Some elections are landmark events. As in 1918, 1945 or February 1974, they're called not simply because another lustrum has elapsed but because some major issue requires resolution ('What will postwar Britain be like?'; 'Who governs Britain?'). Brexit is obviously the big issue overshadowing this election, but there's far less distance between Theresa May and Jeremy Corbyn on Brexit than between her and Kenneth Clarke or Michael Heseltine, dinosaurs bedded in the Euro-swamp where May herself still languished not a year ago.

The Tories and Labour don’t disagree on leaving the EU. Either could campaign on the slogan: oldthinkers unbellyfeel Brexit. Last year's referendum 'debate' awakened the thoughts that neutrals are likely to have when there's a cup-tie between, say, Chelsea and Manchester United: how unfortunate that one of these sides has to win. On the strength of the dismal campaign, nil-nil would have flattered both. Remain had no thoughts worth registering about how the dysfunctional Euro-behemoth might be restructured, and Leave was no less vacant about how Brexitland would work after quitting the EU. Now the vacuity of the referendum threatens to transplant itself into the general election campaign.

May, a leader whose 'strength' runs to an ability to spin on a sixpence – over Brexit; over last month’s budget; on having an election this year – appears to be in for a landslide. A Sunday Mirror poll had the Tories on 50 per cent. Apart from grabbing the chance to trounce Labour by calling an election now, May presumably reckoned that if she waited till 2020 the Tories might be spattered by the turd-to-turbine prang of the Brexit deal.

If this was her worry, it's probably overdone: in the short term, at least, any such deal, no matter how crap, can always be branded as spoilsport Eurocrats stopping us proud Brits from chucking our rattle out of the pram – indeed, for these purposes, the crapper the better. Cue red-top fury when Britain can't get full single-market access while stopping free labour movement from the continent; when it can't claw back its post-referendum EU budget contributions, or gets surcharged for leaving; when Brussels expects treatment for EU citizens in the UK similar to Britain's demands for its expats in Europe; when the terms seem to jeopardise security co-operation, interoperable healthcare, and so on.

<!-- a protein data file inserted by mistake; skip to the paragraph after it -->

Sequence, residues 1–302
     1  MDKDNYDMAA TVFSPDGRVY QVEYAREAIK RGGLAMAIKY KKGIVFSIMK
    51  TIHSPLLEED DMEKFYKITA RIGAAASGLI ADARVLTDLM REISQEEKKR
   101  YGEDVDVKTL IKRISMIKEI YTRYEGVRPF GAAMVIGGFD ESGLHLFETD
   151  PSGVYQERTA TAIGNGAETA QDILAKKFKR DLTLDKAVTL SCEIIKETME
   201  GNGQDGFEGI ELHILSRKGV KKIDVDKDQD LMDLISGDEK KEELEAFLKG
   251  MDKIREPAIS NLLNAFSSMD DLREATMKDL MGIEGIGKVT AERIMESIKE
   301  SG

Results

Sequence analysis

For his part, Corbyn made warm noises to Andrew Marr on Sunday about Britain's not becoming a North Sea version of the Cayman Islands. Labour's manifesto won't come out till next month, but Corbyn doesn't seem minded to hold out for free movement, as opposed to guarantees for non-British EU citizens already in the UK. Labour has some sensible policies on reversing the free school fiasco, inequality, low pay and mitigating sado-austerity, though there's little chance that the manifesto will pledge to cancel the white elephant of Trident's replacement. But the policies will struggle to get much of a hearing over noise about the leader.

Since May called the election, the idea has been floated of a 'Progressive Alliance' that might even extend to standing left-unity candidates in seats where splitting the non-Tory vote will let the Conservative candidate in. This idea was a non-starter even before Tony Blair gave it his kiss of death at the weekend. Since, in England, the non-Tory vote mainly comprises Labour and arch-Remainer Liberal Democrat supporters, something coherent about Brexit would have to be said to attract both lots of voters, and it's far from clear what this might be.

It's said that the support of the 48 per cent of the country who voted to stay in the EU is there for the taking by parties like the Lib Dems who backed Remain. This is folk psephology. YouGov polling suggests that more than half of the 48 per cent now think that Britain should get on with Brexit. This, besides heartfelt apathy about the EU, may explain Corbyn's stance. The trouble for him and Labour is that the public will think, now the satnav's been set for Beachy Head, there's nothing to be gained by changing the driver.